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Conquered Conquistadors: The Lienzo De Quauhquechollan: A by Florine Asselbergs

By Florine Asselbergs

In Conquered Conquistadors, Florine Asselbergs unearths that an enormous pictorial map, the Lienzo de Quauhquechollan, lengthy concept to symbolize a chain of battles in significant Mexico, was once truly painted within the 1530s by means of Quauhquecholteca warriors to rfile their invasion of Guatemala along the Spanish and to proclaim themselves as conquistadors. This portray is the oldest recognized map of Guatemala and an extraordinary record of the studies of indigenous conquistadors. the folk of the Nahua group of Quauhquechollan (present-day San Martín Huaquechula), in primary Mexico, allied with Cortés through the Spanish-Aztec battle and have been assigned to the Spanish conquistador Jorge de Alvarado. De Alvarado and his allies, together with the Quauhquecholteca and hundreds of thousands of alternative indigenous warriors, trigger for Guatemala in 1527 to begin a crusade opposed to the Maya. The few Quauhquecholteca who lived to inform the tale recorded their travels and eventual victory at the large fabric map, the Lienzo de Quauhquechollan. Conquered Conquistadors, released in a ecu version in 2004, overturned traditional perspectives of the eu conquest of indigenous cultures. American historians and anthropologists will savor this re-creation and Asselbergs's astute research, consisting of context, interpretation, and comparability with different pictographic money owed of the "Spanish" conquest. This seriously illustrated variation comprises an insert replica of the Lienzo de Quauhquechollan.

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Extra resources for Conquered Conquistadors: The Lienzo De Quauhquechollan: A Nahua Vision of the Conquest of Guatemala (Mesoamerican Worlds)

Sample text

Three place glyphs in particular drew 30 Theory and Methodology my attention. The first consists of a bell-shaped mountain with a wall and green quetzal feathers on top. The Nahuatl roots related to these elements are tenam(i) for “wall” and quetzal for the feathers of the quetzal bird. ” The second glyph consists of a Nahua sign for “movement” (olin) on top of a mountain (tepe) and could also be expected to end with the locative suffix (Olin-tepe-c). The third one consists of a mountain with three flowers (xochi–“flower,” tepe–“mountain,” and the locative suffix, yielding Xochi-tepe-c).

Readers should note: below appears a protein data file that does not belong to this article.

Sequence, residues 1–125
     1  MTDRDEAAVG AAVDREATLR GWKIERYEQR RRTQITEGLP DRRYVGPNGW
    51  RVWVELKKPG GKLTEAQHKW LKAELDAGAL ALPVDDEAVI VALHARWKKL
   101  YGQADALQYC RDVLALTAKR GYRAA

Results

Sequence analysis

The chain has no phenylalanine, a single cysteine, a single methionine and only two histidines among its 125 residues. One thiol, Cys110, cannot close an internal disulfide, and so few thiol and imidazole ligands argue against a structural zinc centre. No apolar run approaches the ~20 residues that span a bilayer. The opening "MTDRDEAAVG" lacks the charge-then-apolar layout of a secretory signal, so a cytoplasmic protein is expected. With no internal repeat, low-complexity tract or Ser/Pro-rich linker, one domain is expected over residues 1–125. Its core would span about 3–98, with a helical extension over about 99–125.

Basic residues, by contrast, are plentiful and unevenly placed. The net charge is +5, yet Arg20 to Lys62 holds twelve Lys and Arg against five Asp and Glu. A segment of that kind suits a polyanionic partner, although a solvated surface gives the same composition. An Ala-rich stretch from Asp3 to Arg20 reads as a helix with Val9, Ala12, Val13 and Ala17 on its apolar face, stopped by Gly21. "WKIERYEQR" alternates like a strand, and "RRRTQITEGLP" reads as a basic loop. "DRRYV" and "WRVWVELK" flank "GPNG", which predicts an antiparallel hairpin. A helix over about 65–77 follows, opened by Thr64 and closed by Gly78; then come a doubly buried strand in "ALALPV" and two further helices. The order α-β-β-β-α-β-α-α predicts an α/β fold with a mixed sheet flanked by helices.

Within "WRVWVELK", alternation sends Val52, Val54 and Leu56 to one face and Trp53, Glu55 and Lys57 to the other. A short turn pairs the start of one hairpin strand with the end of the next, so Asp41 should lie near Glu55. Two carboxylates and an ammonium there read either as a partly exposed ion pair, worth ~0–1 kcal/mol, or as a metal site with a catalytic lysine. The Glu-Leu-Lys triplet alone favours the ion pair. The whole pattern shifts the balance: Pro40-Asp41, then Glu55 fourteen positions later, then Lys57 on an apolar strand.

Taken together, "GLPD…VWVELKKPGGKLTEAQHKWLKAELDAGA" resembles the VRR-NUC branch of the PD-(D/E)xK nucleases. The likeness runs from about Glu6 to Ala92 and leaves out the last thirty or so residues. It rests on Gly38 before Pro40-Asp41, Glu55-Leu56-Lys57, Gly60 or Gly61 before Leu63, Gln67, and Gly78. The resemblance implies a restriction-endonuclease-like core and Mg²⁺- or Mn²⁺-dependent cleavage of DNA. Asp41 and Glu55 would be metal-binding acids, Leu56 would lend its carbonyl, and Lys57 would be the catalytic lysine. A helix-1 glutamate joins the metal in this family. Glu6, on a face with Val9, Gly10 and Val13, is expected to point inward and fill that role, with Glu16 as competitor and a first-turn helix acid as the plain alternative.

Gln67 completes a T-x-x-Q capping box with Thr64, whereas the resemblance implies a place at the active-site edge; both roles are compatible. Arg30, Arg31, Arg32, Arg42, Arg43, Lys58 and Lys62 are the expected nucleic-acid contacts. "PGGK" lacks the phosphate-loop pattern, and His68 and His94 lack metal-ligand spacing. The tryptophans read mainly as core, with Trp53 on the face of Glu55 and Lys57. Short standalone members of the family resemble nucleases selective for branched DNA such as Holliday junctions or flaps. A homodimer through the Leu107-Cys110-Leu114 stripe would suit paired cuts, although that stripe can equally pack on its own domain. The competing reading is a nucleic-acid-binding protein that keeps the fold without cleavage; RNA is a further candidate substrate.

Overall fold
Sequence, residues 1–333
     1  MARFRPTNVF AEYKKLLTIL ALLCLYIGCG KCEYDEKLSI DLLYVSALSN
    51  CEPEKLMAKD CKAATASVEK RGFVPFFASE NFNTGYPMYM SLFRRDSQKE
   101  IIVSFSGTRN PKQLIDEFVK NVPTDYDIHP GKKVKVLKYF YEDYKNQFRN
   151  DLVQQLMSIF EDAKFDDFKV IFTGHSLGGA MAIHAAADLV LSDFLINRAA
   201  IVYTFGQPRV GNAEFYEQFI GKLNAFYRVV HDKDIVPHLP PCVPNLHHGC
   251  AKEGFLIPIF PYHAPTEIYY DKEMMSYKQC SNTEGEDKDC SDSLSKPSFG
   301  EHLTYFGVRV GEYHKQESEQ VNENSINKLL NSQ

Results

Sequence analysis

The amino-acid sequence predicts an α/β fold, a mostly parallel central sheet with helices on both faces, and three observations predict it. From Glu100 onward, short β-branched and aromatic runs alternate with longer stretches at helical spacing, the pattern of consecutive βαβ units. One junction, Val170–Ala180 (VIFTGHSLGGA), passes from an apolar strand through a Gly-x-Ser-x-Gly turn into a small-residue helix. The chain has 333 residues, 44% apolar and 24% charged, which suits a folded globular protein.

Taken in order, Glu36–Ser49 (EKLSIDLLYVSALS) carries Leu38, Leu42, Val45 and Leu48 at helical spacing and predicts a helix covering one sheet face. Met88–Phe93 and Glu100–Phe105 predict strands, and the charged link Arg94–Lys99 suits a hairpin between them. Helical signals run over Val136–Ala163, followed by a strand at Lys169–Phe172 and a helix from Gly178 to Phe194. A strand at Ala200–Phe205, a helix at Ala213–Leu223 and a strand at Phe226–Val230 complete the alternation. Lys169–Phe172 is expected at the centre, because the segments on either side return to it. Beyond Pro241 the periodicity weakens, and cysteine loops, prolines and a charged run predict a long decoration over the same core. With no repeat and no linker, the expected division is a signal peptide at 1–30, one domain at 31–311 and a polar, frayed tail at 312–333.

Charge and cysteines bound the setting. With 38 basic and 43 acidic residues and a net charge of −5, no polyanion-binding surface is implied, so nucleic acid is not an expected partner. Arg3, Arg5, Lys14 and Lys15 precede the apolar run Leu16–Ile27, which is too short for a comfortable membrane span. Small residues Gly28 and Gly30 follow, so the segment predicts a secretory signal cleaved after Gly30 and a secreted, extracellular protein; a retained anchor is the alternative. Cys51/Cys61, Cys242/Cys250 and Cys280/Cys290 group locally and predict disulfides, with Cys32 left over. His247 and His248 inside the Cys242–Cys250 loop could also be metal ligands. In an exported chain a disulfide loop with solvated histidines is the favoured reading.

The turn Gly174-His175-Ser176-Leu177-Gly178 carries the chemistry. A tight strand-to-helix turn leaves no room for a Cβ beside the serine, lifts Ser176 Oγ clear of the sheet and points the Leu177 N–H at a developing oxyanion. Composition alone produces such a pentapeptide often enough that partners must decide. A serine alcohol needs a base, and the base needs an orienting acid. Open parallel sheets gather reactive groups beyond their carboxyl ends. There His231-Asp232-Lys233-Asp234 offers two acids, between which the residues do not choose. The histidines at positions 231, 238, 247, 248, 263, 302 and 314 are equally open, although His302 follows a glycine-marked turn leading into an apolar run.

The Lienzo de Tuxpan, Lienzo de Tequixtepec II, and Lienzo de Zacatepec). 75 m; see Glass and Robertson 1975:110). 35 m, the Lienzo de Quauhquechollan is among the larger ones as well. With regard to the pictographic elements and layout of the extant lienzos, I identified these common characteristics: 1. There is almost always a central place, usually represented by a place glyph and a temple or a church. This central place is usually situated more or less in the center of the painting, or, if elsewhere, it is shown in considerable size.

The European chronicler Peter Martyr (or Pietro Martire d’Anghiera) mentioned two indigenous maps Cortés had sent to Spain in 1522. One was painted on a piece of cotton cloth about 10 m long and depicted the Mexica provinces and their enemy states. The other was a smaller map, representing Tenochtitlan and its temples, bridges, and lakes. Both documents are lost, but Martyr’s remarks imply that these indigenous maps showed cartographic characteristics familiar to him as a European (Kagan 2000:49; Linné 1948:189).

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